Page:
Opinion

Closing the great outdoors: Shutdown politics and my wheelchair

Daniel McConchie Vice President of Government Affairs, Americans United for Life

As the Obama administration and Congress continue their ongoing political theatre, this time in the form of a government shutdown, it is the petty and capricious nature of the administration’s efforts to make the shutdown feel worse than it actually is that is making Washington, DC more dangerous for a disabled person like me.

The National Mall, which runs through the heart of the city and lies between the Capitol and 14th Street, is a place frequented both by tourists and regular businesspeople alike. Given its location many of us in town on business regularly use the Mall as a transit point to get from one place to another.

Even though there are no fences or buildings bordering the Mall itself, the Department of Interior instructed the National Park Service (NPS) to “close” it, notwithstanding the fact that the Mall is not regularly guarded anyway.

How exactly you close an open park that is 13 blocks long and is bordered by open streets? The answer is of course that you don’t really close it, you just pretend to.

To comply with the Interior Department’s edict, NPS placed barricades in front of many of the disabled access ramps that lead up from the street. By blocking these ramps, they even block access to the sidewalk that surrounds the park. This picture is from one such spot near 7th Street and Jefferson SW near the Hirshorn Gallery – a blocked ramp amusingly surrounded by open handicapped parking spots:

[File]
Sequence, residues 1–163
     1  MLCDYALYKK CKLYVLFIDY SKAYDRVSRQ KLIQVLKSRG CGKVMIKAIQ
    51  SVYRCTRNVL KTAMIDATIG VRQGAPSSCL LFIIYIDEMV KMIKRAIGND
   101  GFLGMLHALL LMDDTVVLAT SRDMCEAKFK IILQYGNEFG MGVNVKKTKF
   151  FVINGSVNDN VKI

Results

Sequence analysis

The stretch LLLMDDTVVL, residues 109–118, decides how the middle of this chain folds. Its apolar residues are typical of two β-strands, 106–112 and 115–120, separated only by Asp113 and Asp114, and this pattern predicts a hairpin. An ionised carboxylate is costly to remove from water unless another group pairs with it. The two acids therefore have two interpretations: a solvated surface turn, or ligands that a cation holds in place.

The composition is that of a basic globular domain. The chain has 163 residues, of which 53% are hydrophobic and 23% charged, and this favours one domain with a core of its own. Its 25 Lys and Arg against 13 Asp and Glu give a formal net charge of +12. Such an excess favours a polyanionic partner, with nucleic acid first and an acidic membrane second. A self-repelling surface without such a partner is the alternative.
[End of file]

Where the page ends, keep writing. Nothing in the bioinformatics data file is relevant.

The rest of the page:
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As someone who has no use of my legs at all and rely entirely on a wheelchair for mobility, my options when in this area are to stay on the other side of the road or, more interestingly, try my luck in the street.

I presume this “closure” is to remind me that the shutdown is taking place, rather than for my safety or some other noble cause. I say “presumably” because there are other ways I can think of to “shut down” the Mall without forcing those of us who are disabled to circumnavigate the Mall amongst cars.

Of course the most idiotic thing about the placement of the barricades is its truly discriminatory nature. Any normal person can easily step around these fences and continue through the Mall. In the distance in the picture you can see two women who have done exactly that.

These theatrics are not limited to the National Mall. The World War II Memorial barricades have now been wired shut after Democrat and Republican Congressmen led an honor flight of WWII vets through the barricades there for a long-planned visit. Note that the memorial is not regularly guarded either.

All federal parks have been shut down. The Feds have refused an offer by Arizona Governor Jan Brewer to re-open the Grand Canyon if the state pays the bill. How people enjoyed the canyon’s scenic overlooks before the Feds took over and organized such activities has apparently been forgotten.

To those responsible for such silly, empty gestures, please note that I do want our leaders to work out an agreement and reopen the government. But your rubbing my face in the shutdown doesn’t make me want a solution faster. Instead, blocking disabled ramps at the National Mall reinforces what I really want: a government that does less, better.

Dan McConchie is a paraplegic and vice president of government affairs for Americans United for Life